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International Institute for Innovation in Governance

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planning

Institutions and Urban Space

This paper develops an historical institutionalist approach to municipal governance, infrastructure, and property institutions, suggesting that the dense matrices of institutions in cities are co-evolutionary and path dependent. Property, infrastructure, and governance institutions play a central role in regulating capital investment in cities, structure urban change, protect and structure property’s meaning and value, and demonstrate enduringly different approaches between jurisdictions. The institutions in place when land is urbanized have profound impacts on the institutionalization and forms of urban property and the accompanying infrastructure created. The primary positive feedback that contributes to path dependence in cities flows from existing sets of property in any given jurisdiction. Cities from this perspective are path dependent landscapes of property that are differentiated primarily by the enduring imprint of the institutions that produce them.

Sorensen, A. (2017). Institutions and Urban Space: Land, Infrastructure, and Governance in the Production of Urban PropertyPlanning Theory & Practice, 1-18.

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A community survival guide to turbulent times

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IN PLANNING has published a new book by Kristof Van Assche et al, a community survival guide to turbulent times. The book presents a wide range of planning strategies communities can use to deal with uncertain futures and to adapt to ever changing boom and bust cycles in the local economy. The book offers an interesting read for planning and governance scholars, students, and professionals, as well as all those who are in some way involved in community development and planning. It describes the struggles that many communities in western Canada are going to, the challenges they face, and many enlightening examples. Furthermore it offers theoretical reflections on the diversity of strategies and practices, as well as practical recommendation on how to develop context-sensitive strategies.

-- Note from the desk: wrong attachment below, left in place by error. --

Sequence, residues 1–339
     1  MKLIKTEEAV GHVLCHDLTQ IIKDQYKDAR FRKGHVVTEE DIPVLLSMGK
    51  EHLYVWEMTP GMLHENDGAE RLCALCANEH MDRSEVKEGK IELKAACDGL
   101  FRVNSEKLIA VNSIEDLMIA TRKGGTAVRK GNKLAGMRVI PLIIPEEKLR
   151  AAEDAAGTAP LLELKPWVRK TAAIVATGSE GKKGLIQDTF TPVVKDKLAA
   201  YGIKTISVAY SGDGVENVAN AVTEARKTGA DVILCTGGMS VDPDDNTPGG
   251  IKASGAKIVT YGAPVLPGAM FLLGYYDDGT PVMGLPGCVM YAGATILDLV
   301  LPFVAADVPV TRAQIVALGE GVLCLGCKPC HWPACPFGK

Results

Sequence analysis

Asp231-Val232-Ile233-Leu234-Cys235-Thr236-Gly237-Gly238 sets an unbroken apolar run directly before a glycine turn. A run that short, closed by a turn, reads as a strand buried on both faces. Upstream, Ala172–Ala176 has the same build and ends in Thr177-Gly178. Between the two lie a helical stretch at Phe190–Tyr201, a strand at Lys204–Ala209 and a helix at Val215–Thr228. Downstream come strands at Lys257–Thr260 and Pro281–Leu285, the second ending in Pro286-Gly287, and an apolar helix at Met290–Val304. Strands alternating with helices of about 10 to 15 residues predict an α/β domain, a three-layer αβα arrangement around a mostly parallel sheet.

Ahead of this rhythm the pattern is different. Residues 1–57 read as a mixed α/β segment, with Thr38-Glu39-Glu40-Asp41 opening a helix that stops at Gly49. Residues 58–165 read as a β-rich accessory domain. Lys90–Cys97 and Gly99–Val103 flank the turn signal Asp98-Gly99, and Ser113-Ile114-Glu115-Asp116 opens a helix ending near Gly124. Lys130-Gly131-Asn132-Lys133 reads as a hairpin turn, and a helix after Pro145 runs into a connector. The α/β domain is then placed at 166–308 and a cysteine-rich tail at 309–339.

And the best thing: the e-book is freely available.

 

Spatial planning in cross-border regions: A systems-theoretical perspective

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Most scholarship in spatial planning presupposes an established institutional setting, where a specific legal framework is in place, one is accustomed to certain procedures and routines, and planning has a certain (national) history. In cross-border regions, however, this becomes problematic as different institutional settings clash. Combining systems and organizational theory, this article constructs a theoretical perspective on planning, explicitly conceptualizing differences, that is, boundaries, in institutional settings. This sheds new light on the prospects and realities of spatial planning across national borders. National borders double the complexity of spatial planning, and organizations working in cross-border spatial planning need to take this into account by acknowledging their own and others’ organizational boundaries as well.

Jacobs, J. (2016) Spatial planning in cross-border regions: A systems-theoretical perspective. Planning Theory 15(1): 68-90.

 

 

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